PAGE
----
At the time, she was probably the best thing to ever happen to me. We don’t talk anymore, and we almost certainly never will, but I still hope life brings her nothing but happiness and success.
Then I met (well, reacquainted with) someone I had wanted to ask out since the day I met her. We were easily the best match of anyone I had dated up until that point, and I was never happier than when I was with her.
That relationship/fling/or whatever you want to call it ended much like the previous one did – completely out of the blue – and it messed me up for a while.
I stopped recording my podcast because I didn’t have the emotional capacity to continue with it. I slept more because it made the days go by faster. I withdrew from activities because I didn’t want to be around happy people or sour their mood with my misery. I was hurt, angry, confused, and defeated.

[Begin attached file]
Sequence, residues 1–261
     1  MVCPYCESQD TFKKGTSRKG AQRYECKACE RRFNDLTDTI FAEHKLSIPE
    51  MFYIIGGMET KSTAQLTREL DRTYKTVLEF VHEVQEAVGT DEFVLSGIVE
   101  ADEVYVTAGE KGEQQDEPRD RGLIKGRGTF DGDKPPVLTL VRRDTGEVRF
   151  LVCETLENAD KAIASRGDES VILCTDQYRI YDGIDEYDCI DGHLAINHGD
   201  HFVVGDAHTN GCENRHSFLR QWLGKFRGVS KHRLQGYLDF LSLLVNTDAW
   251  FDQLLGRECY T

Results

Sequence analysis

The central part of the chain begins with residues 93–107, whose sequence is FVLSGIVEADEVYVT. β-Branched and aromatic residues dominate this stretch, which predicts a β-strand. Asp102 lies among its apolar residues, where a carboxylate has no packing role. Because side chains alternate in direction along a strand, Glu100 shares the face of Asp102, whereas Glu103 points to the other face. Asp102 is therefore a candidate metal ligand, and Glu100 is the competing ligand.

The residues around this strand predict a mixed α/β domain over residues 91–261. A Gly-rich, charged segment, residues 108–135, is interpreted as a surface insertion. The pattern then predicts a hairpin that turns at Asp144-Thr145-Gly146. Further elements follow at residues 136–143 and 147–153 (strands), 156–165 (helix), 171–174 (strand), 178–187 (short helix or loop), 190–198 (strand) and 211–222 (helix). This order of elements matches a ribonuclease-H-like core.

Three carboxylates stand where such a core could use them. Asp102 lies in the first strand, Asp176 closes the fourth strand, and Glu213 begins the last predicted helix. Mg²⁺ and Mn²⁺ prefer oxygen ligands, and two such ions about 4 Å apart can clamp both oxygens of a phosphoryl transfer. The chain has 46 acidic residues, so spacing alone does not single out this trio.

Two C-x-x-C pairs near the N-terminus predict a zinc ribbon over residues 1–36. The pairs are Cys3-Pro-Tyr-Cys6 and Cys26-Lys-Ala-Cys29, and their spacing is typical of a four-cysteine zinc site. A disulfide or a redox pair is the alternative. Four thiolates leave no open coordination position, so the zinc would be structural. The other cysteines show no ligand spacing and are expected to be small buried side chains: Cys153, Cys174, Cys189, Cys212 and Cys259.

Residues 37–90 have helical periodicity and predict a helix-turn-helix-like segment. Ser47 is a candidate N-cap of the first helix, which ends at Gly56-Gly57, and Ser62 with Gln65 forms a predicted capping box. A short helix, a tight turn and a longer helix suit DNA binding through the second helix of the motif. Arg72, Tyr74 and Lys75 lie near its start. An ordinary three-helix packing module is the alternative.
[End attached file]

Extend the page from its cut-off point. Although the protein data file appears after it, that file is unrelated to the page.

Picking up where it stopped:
It felt like any time I got close to someone and started thinking, “This is a really good thing. Everything is going so well. This could be it,” it just ended. Without any kind of warning. It felt like I was disposable.
It felt like I didn’t deserve long-term happiness.
I know this wasn’t her intention, but that was how I felt. We’ve talked since the split, but only sparingly. I could see us hanging out as friends one day, but it’s not something I’ve put stock in. Ultimately, I just want her to be happy.
I told my best friend over the phone that I was ready to give up seriously dating. Rather than seeking out a relationship that would hopefully lead to marriage and children one day, I began to accept the potential bachelor life.
No significant other or children would mean no commitment to anyone.
No commitment would mean no expectations.
No expectations would mean no heartbreak, which was the best selling point.
And then my life changed forever.
The best of times
Those who know me know that I love karaoke, and that I go weekly.
I was out one night, sitting in my usual spot, and I saw this gorgeous girl in a cute flowery white top. There was something about her; something more than thinking that she was pretty or that maybe I should go talk to her. There was something about her that told me, “You have to talk to this girl.”
I didn’t know her name, or if she was single, or really anything about her, but I knew that I needed to talk to her that night or else I would regret it.